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In the business of fair trade

Petaluma Argus Courier, CA

In Lebanon, Noelle Marshall says people are warm and giving, that front doors are always open and children can go off on their own for several towns over. She takes these childhood principles and pours it into her new store, Petaluma’s first exclusively fair trade establishment.

Marshall said that when she migrated to the United States it was difficult at first to adjust to the different culture and even harder to understanding American mentalities. She said that here she fears for her children, and friendships are different.

“There was a real community in Lebanon,” Marshall said. “Here, you have to call your friend two weeks in advance to set up a get-together.”

Marshall, 45, credits her father as the link to her success. Her father obtained student visas for her and her siblings to come to the U.S. She earned a B.S. in international business from Sonoma State University, which she considers her greatest accomplishment. She also speaks Arabic and French.

Marshall has lived off and on in Petaluma since she was 19. Her greatest inspiration is her grandparents, who raised her. They were farmers, and they grew pears, grapes, walnuts and olive oil. She loves olive oil and loves to cook Arabic food with it.

“They were humble, easy-going farmers,” Marshall said. “I’m a very giving person. I’m very content. I don’t ask much — that’s what my grandparents taught me.”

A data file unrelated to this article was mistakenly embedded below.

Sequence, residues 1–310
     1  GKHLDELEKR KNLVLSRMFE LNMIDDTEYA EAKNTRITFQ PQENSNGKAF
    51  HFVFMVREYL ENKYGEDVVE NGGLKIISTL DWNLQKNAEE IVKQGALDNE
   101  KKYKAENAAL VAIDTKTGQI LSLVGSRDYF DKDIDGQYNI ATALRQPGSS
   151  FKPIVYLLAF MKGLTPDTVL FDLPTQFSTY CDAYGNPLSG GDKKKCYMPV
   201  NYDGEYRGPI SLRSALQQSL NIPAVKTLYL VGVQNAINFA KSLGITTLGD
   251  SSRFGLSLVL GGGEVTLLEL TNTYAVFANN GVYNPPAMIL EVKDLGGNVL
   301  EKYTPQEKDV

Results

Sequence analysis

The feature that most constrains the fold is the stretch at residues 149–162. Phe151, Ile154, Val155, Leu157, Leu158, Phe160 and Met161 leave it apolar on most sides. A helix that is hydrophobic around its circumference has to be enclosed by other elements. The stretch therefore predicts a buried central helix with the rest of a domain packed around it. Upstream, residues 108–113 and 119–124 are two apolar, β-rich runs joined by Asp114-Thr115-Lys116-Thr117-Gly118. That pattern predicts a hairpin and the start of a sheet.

She said she received encouraging and enthusiastic feedback for her fair trade store from her friends and acquaintances in the community.

“They’d rather buy fair trade items than buy products from China. They say it’s about time,” Marshall said.

Fair trade is a partnership between Western and developing countries for many varieties of handcrafted items. Nothing made by sweat shops and child labor is accepted.

“You don’t have to be exploitive. You have to be kind,” Marshall added.

Besides being fair traded, the items that Marshall sells in her store have to be handcrafted, and they are made by artisans from many developing countries.

“It’s better for the environment, it’s better wages,” Marshall stated. “It’s the socialism (that attracts participants) — everyone makes the same amount. And, by selling their goods here in the U.S., they (non-U.S. artisans and workers) can earn above inflation rate.”

Her two-month-old store, One Planet Fair Trade Handcrafted Store, was in development for a long time, and it celebrated its grand opening only two weeks ago. It is located inside Michelle Wellington’s Soft Shell Annex at 10 Kentucky St. Marshall also recently completed an internship at Kindred, another fair trade store in Santa Rosa — an experience that was very exciting for her.

Marshall’s business ambitions are to eventually get rid of the middle man that she buys her inventory from and instead buy directly from the foreign businesses and artists. She especially wants to go on buying trips in West Africa.

“Don’t postpone today’s work until tomorrow,” she philosophized about her passion for the store and the fair trade industry with a laugh. She applies this even to her private life, staying busy also on her own time by translating a book into Arabic.

Marshall said she puts her two sons first before the business, but luckily, her oldest son likes to help around the store. Marshall doesn’t bank on him following her footsteps and taking it over one day, however. He plans to pursue a software engineering major.

“I only work enough to pay the bills so I can spend enough time with my family,” she said, recounting how she and her sons set “dates” together. “You can’t always have family, but you can always have a business.”

(Contact Cheyenne Kent at argus@arguscourier.com)


  1. siba

    your report is fantastic we are a group of teens like to make an activity to teach children about fairtrade
    can you support us by small ideas
    thank you

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